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Benefit society

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Benefit society

A benefit society or mutual aid society is an incorporate as one of these forms or another to continue to exist on an ongoing basis.

Benefit societies can be organized around a shared ethnic background, religion, occupation, geographical region or other basis. Benefits may include money or assistance for sickness, retirement, education, birth of a baby, funeral and medical expenses, or unemployment. Often benefit societies provide a social or educational framework for members and their families to support each other and contribute to the wider community.

Examples of benefit societies include Freemasons and the Oddfellows, coworking communities, and many others. Peter Kropotkin posited early in the 20th century that mutual aid affiliations predate human culture and are as much a factor in evolution as is the "survival of the fittest" concept.

A benefit society can be characterized by

  • members having equivalent opportunity for a say in the organization
  • members having potentially equivalent benefits
  • aid would go to those in need (strong helping the weak)
  • collection fund for payment of benefits
  • educating others about a group's interest
  • preserving cultural traditions
  • mutual deference

Contents

  • History of benefit societies 1
  • Current benefit societies 2
  • Selected past and present benefit societies 3
  • Notes 4
  • References 5

History of benefit societies

Examples of benefit societies can be found throughout history, including among secret societies of the Free African Society of Philadedelphia.

Philadelphia's first African American former slaves, Absalom Jones and Richard Allen. These two men were Methodist converts from evangelical masters, who gave these men permission to purchase their freedom in the early 1780s.[1]

Mutual aid was a foundation of

  • Kropotkin, Peter (1902) Mutual Aid: A Factor of Evolution
  •  
  • Beito, David T. (2000) From Mutual Aid to Welfare State: How Fraternal Societies Fought Poverty and Taught Character
  • Beito, David T.; Gordon, Peter; Tabarrok, Alexander eds. (2002) The Voluntary City: Choice, Community, and Civil Society
  • Barber, Benjamin (2002) "Mutual Aid Society on a Grand Scale"
  •  

References

  1. ^  
  2. ^  
  3. ^ (Olasky 1994, p. 100)
  4. ^ (Beito 2000, p. 3)
  5. ^ "Mutual aid societies Dialog from the H-Asia list, October 1995", Hartford-hwp.com.

Notes

Selected past and present benefit societies

In post-National Forests of the United States each year around age old models of ad hoc mutual aid.

in the United States is a leading example of shared credit and labor pooled to help low-income people afford adequate housing. Habitat for Humanity [5] New technologies have provided yet more new opportunities for humanity to support itself through mutual aid. Recent authors have described the networked affiliations that produce

Many of the features of benefit organizations today have been assimilated into organizations that rely on the corporate and political structures of our time. Insurance companies, religious charities, credit unions and democratic governments now perform many of the same functions that were once the purview of ethnically- or culturally-affiliated mutual benefit associations.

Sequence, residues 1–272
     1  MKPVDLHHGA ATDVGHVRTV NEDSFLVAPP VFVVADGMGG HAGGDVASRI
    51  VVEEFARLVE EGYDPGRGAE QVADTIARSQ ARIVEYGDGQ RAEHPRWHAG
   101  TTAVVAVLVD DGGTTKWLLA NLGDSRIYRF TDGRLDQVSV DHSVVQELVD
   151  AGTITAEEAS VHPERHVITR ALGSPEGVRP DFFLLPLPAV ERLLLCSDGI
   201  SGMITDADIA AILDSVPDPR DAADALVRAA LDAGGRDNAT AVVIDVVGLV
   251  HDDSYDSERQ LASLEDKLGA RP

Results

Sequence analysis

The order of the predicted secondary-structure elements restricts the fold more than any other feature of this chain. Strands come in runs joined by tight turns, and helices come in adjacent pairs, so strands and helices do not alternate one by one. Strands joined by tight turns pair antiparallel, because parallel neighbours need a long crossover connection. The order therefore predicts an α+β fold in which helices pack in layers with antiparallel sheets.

Current benefit societies

Oaths, secret signs and knowledge, and regalia were historically an important part of many benefit societies, but declined in use in most benefit societies during the late nineteenth and early twentieth centuries. Conversely, signs and ceremony have become the mainstay of fraternal societies that no longer focus as much on mutual aid.

During the eighteenth and nineteenth centuries benefit societies in the form of friendly societies and trade unions were essential in providing social assistance for sickness and unemployment, and improving social conditions for a large part of the working population. With the introduction in the early twentieth century of state social welfare programs, and industrial, health and welfare regulation, the influence and membership of benefit societies have declined in importance, but remains significant. Nevertheless, in many countries, for example in Europe, mutual benefit societies continue to provide statutory and supplementary healthcare coverage.

This charter shows the importance of 'brotherhood', and the principles of discipline, conviviality and benevolence. The structure of fraternity in the guild forms the basis for orders such as Freemasonry and other fraternal orders, friendly societies and modern [4] This removed the stigma of charity.

"To become a gildsman,..it was necessary to pay certain initiation fees,..(and to take) an oath of fealty to the fraternity, swearing to observe its laws, to uphold its privileges, not to divulge its counsels, to obey its officers, and not to aid any non-gildsman under cover of the newly-acquired 'freedom.'" (C Gross, The Gild Merchant, (1927))

Medieval guilds were an early basis for many Western benefit societies. A guild charter document from 1200 states:

[3], commenting on the extent of private charity, says: "New York is, I firmly believe, the most charitable city in the world. Nowhere is there so eager a readiness to help ..."Jacob Riis Writing in 1890, [2]

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